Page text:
Arizona lawmakers dodged a possible electoral nightmare this week, with members from both parties coming together to overwhelmingly approve a legislative tweak to the battleground state’s election policies ahead of the 2024 presidential contest.
State election officials warned last year that in a close race, Arizona’s new automatic recount rules could have left them double-checking ballots well past the deadline for sending their presidential electors to Washington, D.C. Such extended counting could have prevented Arizona’s Electoral College votes from being counted in the presidential election.
The bill moves the state’s primary to July 30th from August 6th, and changes other policies to ensure that election workers have enough time to count ballots and that military and overseas voters receive their ballots in a timely fashion. The bill also enshrines signature verification policies into state law, a provision Republicans sought in negotiations over the bill.
Arizona Gov. Katie Hobbs, a Democrat, applauded the legislation that now heads to her desk for a signature.
“While this legislation isn’t perfect, it’s the result of hard-fought compromises from everyone involved. Arizonans can rest assured that their voices will be heard and that our elections will run free of political interference,” she said in a statement.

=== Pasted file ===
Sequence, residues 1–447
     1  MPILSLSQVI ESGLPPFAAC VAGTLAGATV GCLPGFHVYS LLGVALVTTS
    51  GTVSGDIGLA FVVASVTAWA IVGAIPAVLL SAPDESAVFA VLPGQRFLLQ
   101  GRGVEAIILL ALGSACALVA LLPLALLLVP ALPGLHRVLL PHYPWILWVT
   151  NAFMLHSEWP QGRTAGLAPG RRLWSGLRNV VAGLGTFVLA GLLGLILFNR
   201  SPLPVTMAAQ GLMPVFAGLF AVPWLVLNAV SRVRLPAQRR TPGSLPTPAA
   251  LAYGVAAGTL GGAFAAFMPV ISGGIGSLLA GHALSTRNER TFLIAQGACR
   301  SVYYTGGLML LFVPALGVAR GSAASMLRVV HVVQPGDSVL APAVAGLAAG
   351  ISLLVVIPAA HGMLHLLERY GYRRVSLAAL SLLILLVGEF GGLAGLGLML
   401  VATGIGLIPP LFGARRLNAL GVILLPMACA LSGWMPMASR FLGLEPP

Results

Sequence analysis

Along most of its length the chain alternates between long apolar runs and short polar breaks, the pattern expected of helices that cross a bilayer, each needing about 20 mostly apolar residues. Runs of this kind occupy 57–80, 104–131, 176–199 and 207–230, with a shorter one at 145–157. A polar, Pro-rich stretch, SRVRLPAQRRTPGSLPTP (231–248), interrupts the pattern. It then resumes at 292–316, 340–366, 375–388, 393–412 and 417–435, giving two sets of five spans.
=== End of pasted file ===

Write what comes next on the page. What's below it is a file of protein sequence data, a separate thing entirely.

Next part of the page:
The bill received broad support from state legislators. Just four Republicans cast no votes, with all other voting members in both parties backing the bill in both chambers.
Arizona became a hotbed of election conspiracy theories after former President Donald Trump and his allies challenged the razor thin margins of his 2020 loss. Republican lawmakers have spent years criticizing the state’s election policies, supporting a discredited audit and demanding changes.
In 2022, state lawmakers increased the threshold for an automatic recount from 0.1% to 0.5% in an attempt to increase confidence in elections. In 2020, the Arizona presidential race was decided by 0.3% of the vote, and similar results this year may trigger an automatic recount.